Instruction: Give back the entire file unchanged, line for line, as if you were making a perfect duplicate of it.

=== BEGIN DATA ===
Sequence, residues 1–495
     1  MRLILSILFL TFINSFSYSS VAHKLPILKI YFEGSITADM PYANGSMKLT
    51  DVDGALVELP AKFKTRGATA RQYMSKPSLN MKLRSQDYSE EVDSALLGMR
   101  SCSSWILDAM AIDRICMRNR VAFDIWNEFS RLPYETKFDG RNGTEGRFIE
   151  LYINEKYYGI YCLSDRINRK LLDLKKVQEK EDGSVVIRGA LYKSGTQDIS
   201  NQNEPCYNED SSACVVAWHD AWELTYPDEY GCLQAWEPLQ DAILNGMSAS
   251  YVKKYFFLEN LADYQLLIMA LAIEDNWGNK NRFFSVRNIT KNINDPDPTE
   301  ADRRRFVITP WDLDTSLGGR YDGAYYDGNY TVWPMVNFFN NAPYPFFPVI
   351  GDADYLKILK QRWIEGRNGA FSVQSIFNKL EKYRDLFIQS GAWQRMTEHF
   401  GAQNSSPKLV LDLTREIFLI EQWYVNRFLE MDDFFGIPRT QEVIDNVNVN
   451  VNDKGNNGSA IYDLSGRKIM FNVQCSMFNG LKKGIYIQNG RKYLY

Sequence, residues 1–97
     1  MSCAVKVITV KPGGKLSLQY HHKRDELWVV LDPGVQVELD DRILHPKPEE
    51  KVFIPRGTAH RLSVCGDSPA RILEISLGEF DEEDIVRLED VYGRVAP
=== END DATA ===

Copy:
Sequence, residues 1–495
     1  MRLILSILFL TFINSFSYSS VAHKLPILKI YFEGSITADM PYANGSMKLT
    51  DVDGALVELP AKFKTRGATA RQYMSKPSLN MKLRSQDYSE EVDSALLGMR
   101  SCSSWILDAM AIDRICMRNR VAFDIWNEFS RLPYETKFDG RNGTEGRFIE
   151  LYINEKYYGI YCLSDRINRK LLDLKKVQEK EDGSVVIRGA LYKSGTQDIS
   201  NQNEPCYNED SSACVVAWHD AWELTYPDEY GCLQAWEPLQ DAILNGMSAS
   251  YVKKYFFLEN LADYQLLIMA LAIEDNWGNK NRFFSVRNIT KNINDPDPTE
   301  ADRRRFVITP WDLDTSLGGR YDGAYYDGNY TVWPMVNFFN NAPYPFFPVI
   351  GDADYLKILK QRWIEGRNGA FSVQSIFNKL EKYRDLFIQS GAWQRMTEHF
   401  GAQNSSPKLV LDLTREIFLI EQWYVNRFLE MDDFFGIPRT QEVIDNVNVN
   451  VNDKGNNGSA IYDLSGRKIM FNVQCSMFNG LKKGIYIQNG RKYLY

Sequence, residues 1–97
     1  MSCAVKVITV KPGGKLSLQY HHKRDELWVV LDPGVQVELD DRILHPKPEE
    51  KVFIPRGTAH RLSVCGDSPA RILEISLGEF DEEDIVRLED VYGRVAP